to save for retirement
I am 45. I began saving for retirement in a Roth IRA at age 38.
I have $17,000 in the account. I have no benefits at work as a per
diem RN. We are using my income to pay off all debt and we will
be debt free, including our mortgage, in July. My husband is 39.
He has a profit sharing plan at work. His employer puts in 15 percent
and we put in the rest to max it out. That account balance is $120,000.
The way I figure, even with this, we will never have the $3 million
I've read that you need to retire and be able to live off the interest
by age 65. Am I missing something? What else can we do?
-- Kathy Conundrum
I just read an interesting review of
a new book written by Lee Eisenberg called "The Number."
In the book, Eisenberg looks at different approaches individuals
use to size their retirement nest egg, including yours. I plan to
read the book, but since I just started reading a copy of "1776"
that a friend loaned me last August, it may be a while. You'll have
to decide on your own whether to put it on your reading list.
I take the point of view that you should spend some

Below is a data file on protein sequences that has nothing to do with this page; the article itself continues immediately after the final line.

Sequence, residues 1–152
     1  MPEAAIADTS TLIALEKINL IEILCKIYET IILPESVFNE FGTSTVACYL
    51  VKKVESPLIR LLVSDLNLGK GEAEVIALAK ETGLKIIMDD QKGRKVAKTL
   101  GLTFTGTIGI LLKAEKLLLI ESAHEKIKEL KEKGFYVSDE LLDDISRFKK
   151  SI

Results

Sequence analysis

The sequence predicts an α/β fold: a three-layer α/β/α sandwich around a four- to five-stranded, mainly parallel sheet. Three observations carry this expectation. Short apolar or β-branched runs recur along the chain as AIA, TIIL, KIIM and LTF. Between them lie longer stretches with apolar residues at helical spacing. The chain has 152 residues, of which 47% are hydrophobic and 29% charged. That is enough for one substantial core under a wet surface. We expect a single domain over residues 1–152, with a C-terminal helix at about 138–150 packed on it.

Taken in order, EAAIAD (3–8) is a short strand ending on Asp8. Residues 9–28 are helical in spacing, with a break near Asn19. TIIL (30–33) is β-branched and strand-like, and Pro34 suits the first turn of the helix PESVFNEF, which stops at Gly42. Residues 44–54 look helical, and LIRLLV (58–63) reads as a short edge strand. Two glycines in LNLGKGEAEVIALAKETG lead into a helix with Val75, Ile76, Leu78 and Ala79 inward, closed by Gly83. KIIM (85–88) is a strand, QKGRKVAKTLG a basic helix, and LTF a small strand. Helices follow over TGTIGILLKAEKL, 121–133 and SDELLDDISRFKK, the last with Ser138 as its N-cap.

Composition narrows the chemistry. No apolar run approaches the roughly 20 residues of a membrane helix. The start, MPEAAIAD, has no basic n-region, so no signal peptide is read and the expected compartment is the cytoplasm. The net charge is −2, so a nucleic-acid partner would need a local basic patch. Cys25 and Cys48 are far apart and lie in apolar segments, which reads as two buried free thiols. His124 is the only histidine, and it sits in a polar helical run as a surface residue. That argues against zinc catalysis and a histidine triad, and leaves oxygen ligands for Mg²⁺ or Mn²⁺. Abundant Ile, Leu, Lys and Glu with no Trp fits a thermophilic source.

time reflecting on what you want out of life, and look at how money
can help you attain it. Spending the next 20 years trying to reach
a savings goal of $3 million that you read about somewhere but don't
understand isn't realistic retirement planning and will cause you
to miss out on a lot of living along the way.
Retirement planning was often referred to in the past
as a three-legged stool, where one's financial stability in retirement
was based on the three legs: pensions, government benefits and personal
savings. With one leg, pensions, cut out from under the retirement
stool for many workers, and another, Social Security, looking a
little wobbly, there's undeniably a lot of pressure to increase
The good news in your situation is that you've already
taken steps to create financial flexibility in your monthly budget
and will be able to increase your monthly savings after the mortgage
is paid off in July. You can ramp up your savings to improve the
odds of having a comfortable retirement.
There are a lot of alternatives to living off the
investment earnings of a retirement nest egg. They include the use
of annuities, reverse mortgages and inflation-indexed investments.
Using insurance coverage to serve as financial protection in retirement,
specifically long-term care insurance, can reduce the amount of
money needed in retirement for that expense.
Meet with a fee-only financial planner to talk through
your retirement concerns. The National Association of Personal Financial
can help you find a fee-only planner in your area. Don't be shy
about getting a second opinion if you have concerns about the advice